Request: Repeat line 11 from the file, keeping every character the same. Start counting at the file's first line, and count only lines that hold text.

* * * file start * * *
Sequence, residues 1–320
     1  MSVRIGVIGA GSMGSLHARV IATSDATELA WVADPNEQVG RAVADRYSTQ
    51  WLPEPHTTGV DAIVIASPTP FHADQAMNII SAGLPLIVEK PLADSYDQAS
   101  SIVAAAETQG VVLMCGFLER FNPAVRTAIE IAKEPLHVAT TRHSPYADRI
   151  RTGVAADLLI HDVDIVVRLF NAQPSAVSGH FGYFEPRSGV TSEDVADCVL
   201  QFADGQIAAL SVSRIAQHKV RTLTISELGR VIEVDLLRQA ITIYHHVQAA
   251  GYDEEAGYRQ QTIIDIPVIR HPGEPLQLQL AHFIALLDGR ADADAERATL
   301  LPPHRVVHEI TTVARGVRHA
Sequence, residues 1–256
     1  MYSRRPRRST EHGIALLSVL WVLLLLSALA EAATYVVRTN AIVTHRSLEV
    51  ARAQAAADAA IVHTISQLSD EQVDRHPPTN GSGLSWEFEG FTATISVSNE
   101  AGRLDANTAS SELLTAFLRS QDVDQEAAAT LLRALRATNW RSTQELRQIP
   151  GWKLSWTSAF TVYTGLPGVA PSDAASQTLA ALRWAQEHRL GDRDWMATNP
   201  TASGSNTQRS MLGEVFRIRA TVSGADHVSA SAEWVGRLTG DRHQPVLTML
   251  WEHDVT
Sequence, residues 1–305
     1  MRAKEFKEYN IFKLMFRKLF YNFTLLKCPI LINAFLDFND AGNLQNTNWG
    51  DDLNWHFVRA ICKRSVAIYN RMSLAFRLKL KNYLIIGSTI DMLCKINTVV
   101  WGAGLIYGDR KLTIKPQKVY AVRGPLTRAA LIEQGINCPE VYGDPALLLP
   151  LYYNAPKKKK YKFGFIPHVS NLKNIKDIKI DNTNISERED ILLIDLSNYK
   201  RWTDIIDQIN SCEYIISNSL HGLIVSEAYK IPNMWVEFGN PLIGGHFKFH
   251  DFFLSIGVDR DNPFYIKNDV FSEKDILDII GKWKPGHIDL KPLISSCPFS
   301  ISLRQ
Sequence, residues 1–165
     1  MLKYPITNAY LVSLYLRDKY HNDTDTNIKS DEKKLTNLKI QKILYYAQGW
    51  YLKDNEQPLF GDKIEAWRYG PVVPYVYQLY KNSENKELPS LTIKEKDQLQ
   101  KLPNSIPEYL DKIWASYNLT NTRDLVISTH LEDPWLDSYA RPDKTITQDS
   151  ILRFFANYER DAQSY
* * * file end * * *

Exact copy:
    51  ARAQAAADAA IVHTISQLSD EQVDRHPPTN GSGLSWEFEG FTATISVSNE